Listen, Perez: Madrid players want Zidane to stay – whatever happens in the Champions League

Pepe sent a message to the under-fire club chief with his words in Monday’s press conference ahead of the clash against Roma: no more coaching changes for the time being

The message was subtle but clear. Pepe sat alongside Zinedine Zidane in the pre-match press conference ahead of Real Madrid’s match against Roma on Tuesday and gave a glowing appraisal of his coach which translated to something simple: the players want him to stay – whatever happens this season.

Seen as a villain for so many years at Real, Pepe is a leader at the Santiago Bernabeu these days – one of the club captains and a man who has worked to clean up his bad-boy image on the pitch. And when he spoke to the media on Monday, he did so on behalf of the whole squad.

The Brazil-born defender described Zidane with plenty of praise. “He was a legendary player who needs to work patiently because he will be one of the best coaches in the world and he will win many titles,” the 33-year-old said.

Time, though, is a precious commodity for coaches at the Bernabeu and a season without a trophy is usually enough for Florentino Perez to pull the trigger and set his sights on someone new. But that plan has brought only disruption in recent times and the fans have had enough.

At the Bernabeu on Saturday, there were renewed chants of “Florentino, resign!” despite Madrid’s 7-1 thrashing of Celta Vigo. The result was an excellent one, but supporters expect their team to prevail against sides such as the Galician outfit, like Levante and even Roma. Meanwhile, however, failures against Atletico, Barcelona and other top teams this term have left the fans frustrated. They want a proper project, not constant changes.

The same can be said for the players. Most of the squad had wanted former coach Carlo Ancelotti to stay in the summer, but Perez pushed the Italian out of the door against their wishes as Madrid missed out on a major trophy at the end of last season. Six months of disappointment and another sacking – and all to bring in Rafa Benitez.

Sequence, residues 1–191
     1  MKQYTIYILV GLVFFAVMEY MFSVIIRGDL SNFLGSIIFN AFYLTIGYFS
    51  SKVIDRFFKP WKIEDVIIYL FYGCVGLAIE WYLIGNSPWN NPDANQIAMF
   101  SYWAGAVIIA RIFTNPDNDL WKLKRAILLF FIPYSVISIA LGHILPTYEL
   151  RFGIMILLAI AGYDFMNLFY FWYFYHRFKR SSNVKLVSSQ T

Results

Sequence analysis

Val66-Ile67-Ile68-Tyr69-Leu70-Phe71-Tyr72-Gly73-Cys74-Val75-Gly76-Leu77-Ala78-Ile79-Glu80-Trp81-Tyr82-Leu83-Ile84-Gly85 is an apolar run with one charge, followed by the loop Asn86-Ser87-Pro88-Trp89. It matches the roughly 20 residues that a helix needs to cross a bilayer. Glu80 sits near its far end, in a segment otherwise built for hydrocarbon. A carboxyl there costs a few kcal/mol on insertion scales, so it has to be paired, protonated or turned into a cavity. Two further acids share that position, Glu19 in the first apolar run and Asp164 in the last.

The signing of the Spanish coach convinced nobody and the players never clicked with the former Napoli and Liverpool boss. Pepe added on Monday: “Zidane has brought many things: first of all, teamwork; secondly, we don’t waste time on things that have no place in football – because he was a player and he knows what a player thinks and wants on the pitch; then, the togetherness in the group.”

In praising Zidane, he had also managed to ridicule Rafa. Two birds with one well-aimed stone.

Madrid beat Roma 2-0 in the last-16 first-leg meeting at Stadio Olimpico last month, so Zidane’s side will be big favourites to make it to the quarter-finals of the Champions League. And anything else will be a disaster for a Real team already out of the race for La Liga and eliminated from the Copa del Rey earlier this season for fielding the suspended Denis Cheryshev in an astonishing administrative blunder.

A place in the last four of the continental competition is the very least the club should be aspiring to in what is now the only objective left on their agenda in 2015-16. But whatever happens, dispensing with Zidane will not be the solution.

If any coach deserves time to prove himself at the Bernabeu, it is the 43-year-old. A club icon who won Madrid their ninth European Cup with that wonderful volley against Bayer Leverkusen in 2002, the Frenchman also assisted Ancelotti as Real claimed La Decima in Lisbon in 2014 and he is in only his first season as a coach at this level.
“Regardless of how things turn out come the end of the campaign, Zidane should remain as coach next season,” Ancelotti said recently. And he is absolutely right, because regardless of how the season ends for Real, the Spanish side face a crucial period over the next year and a half.

Banned by Fifa from transfers for two windows for irregularities in the recruitment of youngsters, this summer looks likely to be the club’s last chance of signing new players until January 2018.

That situation brings the need for something somewhat unusual at the Bernabeu: a long-term plan. Zidane is in the man in charge right now and he should be the one to oversee a project for the foreseeable future too, with Real looking to cushion the blow of the ban as Barcelona did so successfully in the summer of 2014 by bringing in a number of players such as Luis Suarez, Ivan Rakitic, Claudio Bravo and Marc-Andre ter Stegen.

One omen in Madrid’s favour in the current Champions League is that the club have enjoyed success in the competition when their league form has been below par. In their last four European wins (1998, 2000, 2002 and 2014), Los Blancos finished fourth, fifth, third and third (the position they currently occupy in La Liga) respectively.

That is no guarantee of success in the current campaign, of course, and Real rank as outsiders right now due to their own performances and the dynamic displays of both Barca and Bayern Munich.

Nevertheless, Zidane should stay in charge for next season at the very least – even if Madrid fall short and even if they are knocked out on Tuesday. Pepe has spoken and his words on Monday echoed the thoughts of his team-mates and most madridistas: stability is now needed and Zizou is the man to provide it.

For the good of the club and also for his own sake, Florentino would do well to listen this time.

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